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Re: True Detective
« Reply #116 on: March 11, 2014, 02:04:25 PM »
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I'm having an unexpected response to the finale.

I was highly skeptical of the nihilism that characterized much of the first three episodes and many of Rust's ramblings. Turns out the show itself shares that skepticism. It pushed Rust through his nihilism as if it were an extended adolescence. I completely buy his transformative near-death experience; that is something that happens, and this character was ripe for it.

I even didn't mind all the business about stars and the dark and the light. I was reflexively eye-rolling, but at the same time it kind of got me. McConaughey carried it.

That said, the season ended with Rust and Marty bleeding on the ground watching the flare light up overhead. That's it. That was the real ending. All that hospital nonsense was just some weird Christian fan-fic that they got the real actors to shoot for some reason, and should be considered entirely non-canonical.

I think this is exactly wrong. Killing them off was the obvious choice. I was certainly expecting it to be a suicide mission after they both somberly put their affairs in order. What Pizzolatto did in essence is execute a character plot twist in place of a whodunnit plot twist, genre convention supplanted by what now seems like an inevitable character transformation.

I totally admire what was done with Rust's character. He was denied a heroic death, forced to face life again and work through all his garbage.

I can't help but be on the show's side after that.
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Pubrick

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Re: True Detective
« Reply #117 on: March 11, 2014, 02:39:20 PM »
+2
The ending just failed on every level, especially the most basic mundane logic:

It's a completely ridiculous non sequitur when marty brings up that story about the stars right after rust has given the most emotional monologue of  the series. It feelt awkward and forced.

Even if he was saying it just to distract rust from having a total breakdown, it still makes no sense that after rust takes the bait and immediately calms down, Marty then inexplicably turns the whole thing into a negative metaphor about dark having more territory. What the fuck is he doing that for?

Is he trying to cheer him up or not? He should be ecstatic that for once the weird shit rusts babbling about is almost in line with his own religious beliefs. He should be shocked that, against all expectations from Marty's previous farewell moment in the episode's 4th ending (this episode was the 'Return of the King' of TV finales with endless endings) where he said don't ever change and gave him the finger, rust actually has changed drastically.

It makes absolutely no sense except as a clumsy set up for Rust's hackneyed retort.
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Kellen

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Re: True Detective
« Reply #118 on: March 11, 2014, 03:10:35 PM »
+1
It would've been ok with me if the show ended with Marty and Rust in the catacombs/carcosa. 

Jeremy Blackman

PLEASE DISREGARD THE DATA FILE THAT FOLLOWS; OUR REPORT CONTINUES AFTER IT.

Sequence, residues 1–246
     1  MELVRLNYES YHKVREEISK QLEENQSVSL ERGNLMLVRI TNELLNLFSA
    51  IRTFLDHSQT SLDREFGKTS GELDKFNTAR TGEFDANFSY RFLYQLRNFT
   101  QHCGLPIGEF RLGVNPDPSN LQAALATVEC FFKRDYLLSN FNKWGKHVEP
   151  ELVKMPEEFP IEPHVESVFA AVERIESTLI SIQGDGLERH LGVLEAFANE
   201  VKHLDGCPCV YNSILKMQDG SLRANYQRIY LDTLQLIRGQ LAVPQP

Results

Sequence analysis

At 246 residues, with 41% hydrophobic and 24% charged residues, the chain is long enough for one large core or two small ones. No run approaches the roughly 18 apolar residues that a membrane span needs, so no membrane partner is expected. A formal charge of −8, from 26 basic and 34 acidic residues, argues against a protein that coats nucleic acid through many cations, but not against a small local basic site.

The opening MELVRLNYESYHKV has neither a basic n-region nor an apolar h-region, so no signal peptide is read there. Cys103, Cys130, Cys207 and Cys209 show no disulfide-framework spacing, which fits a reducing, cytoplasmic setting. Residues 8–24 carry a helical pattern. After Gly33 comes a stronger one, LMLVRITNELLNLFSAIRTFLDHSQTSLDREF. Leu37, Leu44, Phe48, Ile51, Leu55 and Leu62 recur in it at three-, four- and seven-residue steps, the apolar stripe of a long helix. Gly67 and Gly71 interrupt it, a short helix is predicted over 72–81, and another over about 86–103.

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Re: True Detective
« Reply #119 on: March 11, 2014, 03:13:39 PM »
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It's a completely ridiculous non sequitur when marty brings up that story about the stars right after rust has given the most emotional monologue of  the series. It feelt awkward and forced.

Even if he was saying it just to distract rust from having a total breakdown, it still makes no sense that after rust takes the bait and immediately calms down, Marty then inexplicably turns the whole thing into a negative metaphor about dark having more territory. What the fuck is he doing that for?

Perhaps that bothered me less cause I've always found the show a bit silly. Definitely wasn't the first time the voice of the author audibly stepped in to vocalize a theme.

Is he trying to cheer him up or not? He should be ecstatic that for once the weird shit rusts babbling about is almost in line with his own religious beliefs. He should be shocked that, against all expectations from Marty's previous farewell moment in the episode's 4th ending (this episode was the 'Return of the King' of TV finales with endless endings) where he said don't ever change and gave him the finger, rust actually has changed drastically.

I don't think Rust changed much between the hospital room and the final scene. The character has found himself in a punishing situation. Rust is confused that he was denied a heroic death, and he's frustrated/devastated (in both scenes) that he can't be with his loved ones who he just contacted ("I'm not supposed to be here"). I actually kind of love that we see his sour personality mixed with his new cosmic awareness, which certainly must inherit from his old cosmic awareness.

As for Marty not jumping up and down about Rust's epiphany... that actually rang quite true to me. If I were Marty I'd play it the same way. Just be delicate about it, let this be his own thing, let him figure things out, and be supportive in a general way. He also notably doesn't react to Rust crying. In their relationship, this is a time for sincerity and sensitivity if there ever was one.